As promised, this week in Bon Vivant land is all about part deux of our Single Origin Roasters 2-fer. Last week it was all about the Café and Chef Matt Rothman’s delicious winter menu, but now it’s time to bring it back to what first sparked my curiosity with this place: glorious, glorious coffee. I make no efforts to hide my straight up caffeine addiction. I daresay that when I gave up coffee for Lent this year I nearly lost my mind. But luckily I soon had the loving arms of the Single Origin Roasters Sideshow to fall in to – a place that is sheer decadence for a real coffee lover.
If you go for a wander down Reservoir Street, just past the Café you might do a double take and think you’ve stumbled upon a rather brazen meth lab (with elegant fittings and less… well… meth). On closer inspection of the Kono syphons and halogen heat lamps you will realize you have stepped into serious coffee territory (just in case you hadn’t noticed the monster espresso machine to your right). Housed in the front part of the Fracks showroom, Sideshow is a purpose-built coffee haven, specializing in Slow Brew methods to help showcase a plethora of single origin beans and of course, doing a roaring takeaway trade. Baristas Joe Cutcliffe and Charles Cameron generously gave up some time to give me the rundown on the ins and outs and the who’s and why’s of the Single Origin Roasters Sideshow.
Having opened up late last year, the 8 metre square space that is Sideshow has been making waves – and not just of the ‘Third’ variety. Arguably one of the best places in Australia (and most certainly Sydney) to experience coffee, the space was custom built for flexibility with no expenses spared on obtaining the finest, best-suited gear for the many extractions on offer. Unlike other boutique coffee establishments around town, there is a strong Japanese influence both in technique and equipment at Sideshow – something that must be attributed to Head Barista, Shoji Sasa and his extensive research. The guys exclusively import Kono syphons and pair them with locally produced, hand blown glass chambers. These balance over a rather nifty halogen heating system that is all about precision, allowing them absolute temperature control. It is a true science – and for a gal that did 12 units of major works and essays for the HSC, it really does wrinkle my brain. The latest addition of an industry-first milk tap, connected to a 20L tank in the fridge, full of farm-direct milk has also been getting quite a bit of attention. Removing plastic bottles from the equation means less stress on the old environment, which in turn means I won’t judge you as harshly for having milk in your coffee. Win/win.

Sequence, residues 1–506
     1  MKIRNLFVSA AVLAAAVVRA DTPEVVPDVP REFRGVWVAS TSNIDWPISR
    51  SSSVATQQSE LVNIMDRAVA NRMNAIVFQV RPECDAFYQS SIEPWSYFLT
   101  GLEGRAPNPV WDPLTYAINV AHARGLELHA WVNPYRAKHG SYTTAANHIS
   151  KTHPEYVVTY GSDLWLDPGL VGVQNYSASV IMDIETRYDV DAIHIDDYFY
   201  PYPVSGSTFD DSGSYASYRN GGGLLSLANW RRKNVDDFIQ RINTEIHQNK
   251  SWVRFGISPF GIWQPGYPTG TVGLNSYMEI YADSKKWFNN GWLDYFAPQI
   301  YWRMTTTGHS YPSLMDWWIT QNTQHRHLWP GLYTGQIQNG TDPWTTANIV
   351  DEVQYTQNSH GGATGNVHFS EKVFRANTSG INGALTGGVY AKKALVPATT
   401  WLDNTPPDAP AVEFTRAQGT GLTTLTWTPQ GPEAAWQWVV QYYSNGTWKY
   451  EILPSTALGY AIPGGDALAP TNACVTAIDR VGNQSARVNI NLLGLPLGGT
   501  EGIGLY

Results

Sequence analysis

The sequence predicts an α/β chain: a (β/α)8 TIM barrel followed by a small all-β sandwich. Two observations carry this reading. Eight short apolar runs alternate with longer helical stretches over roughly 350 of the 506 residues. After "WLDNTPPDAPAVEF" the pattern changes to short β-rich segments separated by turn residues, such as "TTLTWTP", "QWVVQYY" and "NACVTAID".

Single Origin Roasters are obviously known for just that: premium, sustainably produced beans from a single origin (and if you’re lucky, a single Estate). While they have a pretty cracking house blend that has seen me through many a boring meeting, the singles and their stories are what intrigue me. Just this week alone my palate has been to Panama, Sumatra, Tanzania and Colombia. The team at Single Origin Roasters is uncompromising on the quality of their beans, it just so happens to be a major bonus for us ethically minded folk that their imports are always some form of certified organic, forest friendly or Fair Trade (and occasionally a combination of all three). In this respect they are certainly echoing a shift in the industry – it’s all about building relationships with the producers. It’s about being hands on, visiting the coffee regions regularly and not just picking up the best beans at the best price, but looking at what they can do for the entire community. Like everything that falls into the sustainable/ethical/happy category, you may pay a little more. But when you consider that 100 people have handled your coffee before it even hits the cup, it truly is a bit of a miracle at $4.
Charles and Joe are examples of a new generation of Baristas – these guys have picked coffee as their career. They are not just a couple of dudes who ‘work in a café’. They are Baristas of the highest quality and all the power to them I say. For the guys down at Sideshow it’s always about quality over attitude, it’s never about the ego. Joe and Charles believe being a good Barista is all about possessing grace under pressure. When push comes to shove though they know that their reputations are dependent on a solid takeaway coffee trade – especially now given Sideshow’s exposure and diverse clientele. On an average day they work through about 10kg of beans each, manage the Slow Brew methods and more often than not educate and explain them to their customers. All the while with a couple of cheeky grins and intimidatingly eclectic iPod selections.
SO what exactly is on offer at Sideshow??? Well aside from your takeaway espresso trade…
The syphon method of brewing coffee has been around since the 1800’s and involves heat and vapours and vacuums (oh my!). As the water heats in the lower chamber it travels up a nifty little pipe, and is combined with your tasty coffee. After a bit of stirring and a bit of cooling the end product coffee makes it’s way back down. Well that’s the way I understand it anyway – for all the facts it’s best to ask the guy making it! Shoji very kindly took me through three different singles in a bit of a syphon extravaganza last week (that left me buzzing for hours). For me, the Sumatran was off the chain.
The beauty of a pour over is that it’s effectively all about gravity and heat, and of course the adept skill of a Barista. A filtered style, it’s about the subtle introduction of water at a steady pace. The result is a coffee of great clarity that really brings out all those little nuances you would probably miss in your espresso.